Denial of Mumia’s Appeal: An Affront to Basic Justice and the Law

by Betsy Piette, published on Workers World, April 3, 2023

Philadelphia

Mumia Abu-Jamal, his family and his supporters around the world had every reason and right to hope that all their hard work would pay off in persuading Judge Lucretia Clemons from the Philadelphia County Court of Common Pleas to follow and apply the law, as has been done in other cases involving Brady and Batson violations.

Since her Dec. 16, 2022, notice of intention to dismiss Abu-Jamal’s current appeal, thousands of people have signed petitions, written letters and passed resolutions on Abu-Jamal’s behalf directed to Clemons. Supporters include the 20-million-member International Transport Workers’ Federation and various political leaders. In December 2022, the United Nations Working Group of Experts on People of African Descent filed an amicus brief on Abu-Jamal’s behalf.

But as journalist Linn Washington Jr. has warned so many times in the past:

“The fact that state and federal judges have consistently upheld Abu-Jamal’s conviction is cited as solid confirmation of his guilt. Brushed aside is the fact that judges have upheld Abu-Jamal’s conviction by skirting established legal procedure (precedence), creating new legal standards that undercut Abu-Jamal’s claims and rejecting newly discovered evidence of improprieties by police, prosecutors and even judges.” (WHYY, Dec. 9, 2022)

Following in the bloody footsteps of her predecessor, racist hanging-judge Albert Sabo, on March 31 Clemons again filed notice of her intent to dismiss Abu-Jamal’s appeal petition. Abu-Jamal’s attorneys were given 20 days to respond and the district attorney’s office 10 days.

Clemons was previously an attorney with Ballard Spahr, a national firm specializing in business law, with a notorious reputation in Philadelphia and known countrywide as a union-buster. That she has not strayed one millimeter from the party line should be considered in this context.

Repeating her arguments from her earlier decision to reject the appeal, in her latest 31-page decision, Clemons called Mumia’s Batson claim “untimely,” even though the U.N.’s Expert Group’s amicus brief reminds us that racism can never become time-barred.

Clemons stated “Defendant failed to object during voir dire to the prosecutors’ use of peremptory strikes to remove prospective Black jurors based on their race.” In other words Abu-Jamal should have somehow been able to see Prosecutor Joseph McGill’s handwritten notes that showed he was tracking jurists by race.

And outrageously she calls his Brady claims “immaterial,” saying it would not have mattered to the jury, had they learned that the first and by far the most important witnesses at the trial had been bought.

Taking it to the streets 

Loudly proclaiming that Judge Clemons is on the wrong side of history and that Abu-Jamal’s supporters won’t go away, demonstrations sprang up in dozens of cities in the U.S. and abroad on April 1.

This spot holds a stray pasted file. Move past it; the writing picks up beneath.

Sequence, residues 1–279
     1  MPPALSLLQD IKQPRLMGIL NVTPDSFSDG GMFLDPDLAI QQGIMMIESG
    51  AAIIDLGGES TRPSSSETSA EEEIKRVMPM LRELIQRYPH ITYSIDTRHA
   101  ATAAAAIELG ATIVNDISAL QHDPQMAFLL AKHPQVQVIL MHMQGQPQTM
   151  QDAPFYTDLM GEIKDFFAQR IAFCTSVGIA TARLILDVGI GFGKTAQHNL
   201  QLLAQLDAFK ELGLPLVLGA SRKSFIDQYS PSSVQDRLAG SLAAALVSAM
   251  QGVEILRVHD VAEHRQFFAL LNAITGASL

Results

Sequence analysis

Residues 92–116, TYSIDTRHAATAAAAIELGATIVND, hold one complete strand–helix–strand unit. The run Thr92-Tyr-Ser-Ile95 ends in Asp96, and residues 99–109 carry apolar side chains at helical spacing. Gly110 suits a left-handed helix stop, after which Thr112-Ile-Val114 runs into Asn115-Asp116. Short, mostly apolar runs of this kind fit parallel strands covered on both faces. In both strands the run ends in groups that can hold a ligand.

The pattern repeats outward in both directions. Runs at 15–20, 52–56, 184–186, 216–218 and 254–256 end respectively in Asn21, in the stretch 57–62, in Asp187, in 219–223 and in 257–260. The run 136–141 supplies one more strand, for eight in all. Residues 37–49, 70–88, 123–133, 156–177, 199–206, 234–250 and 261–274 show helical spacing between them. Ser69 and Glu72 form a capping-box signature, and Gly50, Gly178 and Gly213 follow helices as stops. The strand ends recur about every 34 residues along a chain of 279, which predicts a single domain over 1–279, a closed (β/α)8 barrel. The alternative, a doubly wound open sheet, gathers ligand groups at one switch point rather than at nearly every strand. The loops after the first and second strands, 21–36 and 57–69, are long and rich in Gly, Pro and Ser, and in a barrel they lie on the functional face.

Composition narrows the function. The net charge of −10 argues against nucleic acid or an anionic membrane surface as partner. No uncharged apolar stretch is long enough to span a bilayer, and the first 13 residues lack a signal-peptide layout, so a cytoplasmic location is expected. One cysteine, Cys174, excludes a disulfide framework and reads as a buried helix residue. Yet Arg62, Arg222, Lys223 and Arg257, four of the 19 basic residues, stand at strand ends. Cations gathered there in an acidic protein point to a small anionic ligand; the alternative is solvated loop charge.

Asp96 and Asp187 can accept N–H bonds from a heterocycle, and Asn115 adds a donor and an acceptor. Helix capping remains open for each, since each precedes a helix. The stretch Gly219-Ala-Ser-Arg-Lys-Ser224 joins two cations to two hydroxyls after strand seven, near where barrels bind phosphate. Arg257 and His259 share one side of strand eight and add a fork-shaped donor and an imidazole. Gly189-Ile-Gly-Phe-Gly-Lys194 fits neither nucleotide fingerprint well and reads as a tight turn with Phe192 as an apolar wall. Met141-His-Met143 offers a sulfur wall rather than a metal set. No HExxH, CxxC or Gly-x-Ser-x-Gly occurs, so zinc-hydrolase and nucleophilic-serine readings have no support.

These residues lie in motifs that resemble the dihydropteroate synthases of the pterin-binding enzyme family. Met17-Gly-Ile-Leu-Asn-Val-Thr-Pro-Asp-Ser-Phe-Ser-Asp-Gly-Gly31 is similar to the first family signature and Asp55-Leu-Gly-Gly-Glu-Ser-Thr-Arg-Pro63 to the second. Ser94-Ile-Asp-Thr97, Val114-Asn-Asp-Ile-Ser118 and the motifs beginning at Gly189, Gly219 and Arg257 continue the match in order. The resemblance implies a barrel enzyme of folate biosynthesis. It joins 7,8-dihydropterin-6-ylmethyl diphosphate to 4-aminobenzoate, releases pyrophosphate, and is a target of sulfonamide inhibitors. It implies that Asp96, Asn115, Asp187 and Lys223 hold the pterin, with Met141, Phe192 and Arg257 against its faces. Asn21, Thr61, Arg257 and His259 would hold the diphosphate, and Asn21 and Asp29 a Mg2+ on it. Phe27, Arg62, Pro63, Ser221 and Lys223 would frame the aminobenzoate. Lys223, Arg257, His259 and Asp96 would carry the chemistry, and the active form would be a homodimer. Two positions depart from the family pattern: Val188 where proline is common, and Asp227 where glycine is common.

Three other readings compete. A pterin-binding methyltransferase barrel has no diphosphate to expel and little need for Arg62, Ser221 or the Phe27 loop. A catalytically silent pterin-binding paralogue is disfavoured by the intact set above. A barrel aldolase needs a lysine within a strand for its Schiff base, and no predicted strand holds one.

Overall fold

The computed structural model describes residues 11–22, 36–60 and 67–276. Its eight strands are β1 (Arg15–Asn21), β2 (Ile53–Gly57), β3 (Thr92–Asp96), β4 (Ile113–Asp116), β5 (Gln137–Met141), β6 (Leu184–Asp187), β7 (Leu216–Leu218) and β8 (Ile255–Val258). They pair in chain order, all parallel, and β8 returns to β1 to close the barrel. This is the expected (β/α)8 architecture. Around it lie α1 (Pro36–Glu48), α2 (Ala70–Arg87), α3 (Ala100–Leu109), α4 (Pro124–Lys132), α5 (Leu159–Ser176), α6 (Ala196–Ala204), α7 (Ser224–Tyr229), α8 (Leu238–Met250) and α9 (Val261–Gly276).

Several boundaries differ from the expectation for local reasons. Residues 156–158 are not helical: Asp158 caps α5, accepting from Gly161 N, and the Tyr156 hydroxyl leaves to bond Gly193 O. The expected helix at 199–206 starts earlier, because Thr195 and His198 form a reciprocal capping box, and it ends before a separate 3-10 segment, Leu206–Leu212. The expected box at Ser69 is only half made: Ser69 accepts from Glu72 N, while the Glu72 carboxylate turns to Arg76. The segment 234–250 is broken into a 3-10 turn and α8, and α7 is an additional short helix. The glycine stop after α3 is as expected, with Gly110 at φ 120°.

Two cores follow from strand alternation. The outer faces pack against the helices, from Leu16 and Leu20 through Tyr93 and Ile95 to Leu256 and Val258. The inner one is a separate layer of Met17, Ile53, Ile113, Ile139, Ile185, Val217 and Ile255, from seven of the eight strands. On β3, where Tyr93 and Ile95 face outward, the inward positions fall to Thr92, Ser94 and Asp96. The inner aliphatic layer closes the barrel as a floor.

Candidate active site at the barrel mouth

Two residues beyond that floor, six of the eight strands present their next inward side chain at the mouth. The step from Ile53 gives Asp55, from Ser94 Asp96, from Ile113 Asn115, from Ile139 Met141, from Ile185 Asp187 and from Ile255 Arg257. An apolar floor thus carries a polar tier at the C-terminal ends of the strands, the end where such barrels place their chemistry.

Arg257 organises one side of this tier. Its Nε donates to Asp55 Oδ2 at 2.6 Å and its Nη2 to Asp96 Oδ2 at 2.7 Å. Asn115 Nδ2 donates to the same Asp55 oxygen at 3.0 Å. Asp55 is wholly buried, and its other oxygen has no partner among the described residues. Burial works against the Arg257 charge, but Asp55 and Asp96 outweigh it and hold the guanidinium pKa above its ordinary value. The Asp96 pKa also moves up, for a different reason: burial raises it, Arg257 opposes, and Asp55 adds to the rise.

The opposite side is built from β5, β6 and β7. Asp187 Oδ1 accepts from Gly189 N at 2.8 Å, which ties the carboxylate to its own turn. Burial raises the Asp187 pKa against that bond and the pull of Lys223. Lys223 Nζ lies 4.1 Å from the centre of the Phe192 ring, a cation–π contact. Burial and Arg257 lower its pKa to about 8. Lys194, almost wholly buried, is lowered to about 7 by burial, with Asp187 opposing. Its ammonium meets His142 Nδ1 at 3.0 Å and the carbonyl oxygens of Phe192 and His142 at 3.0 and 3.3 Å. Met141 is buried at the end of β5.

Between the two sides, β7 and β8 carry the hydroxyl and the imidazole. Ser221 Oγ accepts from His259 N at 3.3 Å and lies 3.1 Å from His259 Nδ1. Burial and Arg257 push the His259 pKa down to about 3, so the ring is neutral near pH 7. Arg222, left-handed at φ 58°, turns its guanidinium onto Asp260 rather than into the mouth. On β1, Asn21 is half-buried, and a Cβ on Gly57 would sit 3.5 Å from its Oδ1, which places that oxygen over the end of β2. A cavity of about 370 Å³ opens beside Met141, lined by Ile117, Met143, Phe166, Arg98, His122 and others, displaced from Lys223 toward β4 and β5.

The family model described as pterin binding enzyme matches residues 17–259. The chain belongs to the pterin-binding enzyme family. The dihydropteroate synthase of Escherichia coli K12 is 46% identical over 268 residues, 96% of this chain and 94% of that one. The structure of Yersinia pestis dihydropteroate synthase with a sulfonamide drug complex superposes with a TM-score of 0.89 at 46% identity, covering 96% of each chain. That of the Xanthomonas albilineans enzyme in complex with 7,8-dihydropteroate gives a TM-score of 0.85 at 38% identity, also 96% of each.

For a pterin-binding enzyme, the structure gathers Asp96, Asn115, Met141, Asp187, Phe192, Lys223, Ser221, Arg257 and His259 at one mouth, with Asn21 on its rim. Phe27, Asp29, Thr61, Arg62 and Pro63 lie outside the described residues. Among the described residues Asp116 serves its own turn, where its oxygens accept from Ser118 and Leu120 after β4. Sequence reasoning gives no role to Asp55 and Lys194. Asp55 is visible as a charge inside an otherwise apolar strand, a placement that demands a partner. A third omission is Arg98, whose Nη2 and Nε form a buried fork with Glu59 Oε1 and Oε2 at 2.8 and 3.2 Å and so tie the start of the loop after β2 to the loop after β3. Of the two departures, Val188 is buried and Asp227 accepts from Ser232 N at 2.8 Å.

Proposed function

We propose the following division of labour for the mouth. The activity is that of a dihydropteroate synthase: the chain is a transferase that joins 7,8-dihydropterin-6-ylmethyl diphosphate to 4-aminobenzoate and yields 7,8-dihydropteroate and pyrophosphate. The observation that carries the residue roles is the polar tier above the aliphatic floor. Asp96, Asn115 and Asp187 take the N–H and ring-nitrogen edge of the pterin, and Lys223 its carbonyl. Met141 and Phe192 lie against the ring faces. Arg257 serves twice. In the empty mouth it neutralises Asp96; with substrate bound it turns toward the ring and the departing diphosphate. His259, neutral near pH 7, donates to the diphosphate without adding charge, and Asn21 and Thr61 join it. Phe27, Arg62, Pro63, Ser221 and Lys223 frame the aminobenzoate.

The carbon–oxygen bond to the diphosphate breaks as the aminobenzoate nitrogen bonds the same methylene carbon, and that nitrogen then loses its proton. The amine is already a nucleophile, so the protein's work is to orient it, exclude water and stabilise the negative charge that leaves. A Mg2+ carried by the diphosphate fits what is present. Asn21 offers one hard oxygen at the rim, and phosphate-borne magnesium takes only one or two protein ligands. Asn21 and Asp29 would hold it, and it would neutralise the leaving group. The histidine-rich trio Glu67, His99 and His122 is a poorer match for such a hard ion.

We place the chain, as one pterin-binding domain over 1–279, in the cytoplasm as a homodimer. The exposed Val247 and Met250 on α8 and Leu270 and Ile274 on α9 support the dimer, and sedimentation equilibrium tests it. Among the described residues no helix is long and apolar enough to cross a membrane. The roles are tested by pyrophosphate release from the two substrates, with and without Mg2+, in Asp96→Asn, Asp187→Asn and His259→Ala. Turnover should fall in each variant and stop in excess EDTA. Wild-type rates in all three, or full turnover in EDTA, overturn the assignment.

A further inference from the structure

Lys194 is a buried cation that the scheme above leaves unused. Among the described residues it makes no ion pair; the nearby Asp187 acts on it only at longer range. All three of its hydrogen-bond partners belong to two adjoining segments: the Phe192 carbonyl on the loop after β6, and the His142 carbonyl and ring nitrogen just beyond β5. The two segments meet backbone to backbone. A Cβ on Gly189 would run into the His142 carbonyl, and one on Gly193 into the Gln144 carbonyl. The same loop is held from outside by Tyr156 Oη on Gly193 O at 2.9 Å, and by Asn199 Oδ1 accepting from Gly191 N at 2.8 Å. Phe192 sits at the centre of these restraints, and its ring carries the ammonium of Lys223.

Protesting the denial of Mumia Ab-Jamal’s appeal, Philadelphia

In Philadelphia, protesters rallied outside the Criminal Justice Center to denounce Clemons’ ruling before marching to District Attorney Larry Krasner’s office. Krasner established the Conviction Integrity Unit to review past convictions won through judicial bias and interference, fabricated police testimony and evidence and prosecutorial misconduct. While the unit has exonerated over 30 people to date, Krasner has consistently refused to bring Abu-Jamal’s case up for review.

Protesting the denial of Mumia Ab-Jamal’s appeal, NYC

In Detroit protesters came out in the rain to demand freedom for Mumia. In New York City demonstrators gathered at Union Square. There will be protests in Germany and France in the coming weeks.

Mumia has been a political prisoner in Pennsylvania for 41 years — 28 on death row. He is a veteran Philadelphia Black Panther, radical radio journalist, grandfather and foremost revolutionary thinker and writer. Mumia is a loving movement elder, who uplifts struggles worldwide with his powerful voice and writings. At 15 he was a Black Panther newspaper journalist, and later he was an award-winning Philadelphia radio journalist.

Mumia has made thousands of radio commentaries from prison and written more than a dozen books including “We Want Freedom,” “Live from Death Row,” “Jailhouse Lawyers,” “All Things Censored” and co-authored three volumes of “Murder Incorporated,” a searing critique of U.S. imperialism. Mumia’s writings are extraordinarily political and deeply moving. Mumia is a victim of racism, targeted by the police and FBI in its war on Black people and Black freedom movements.

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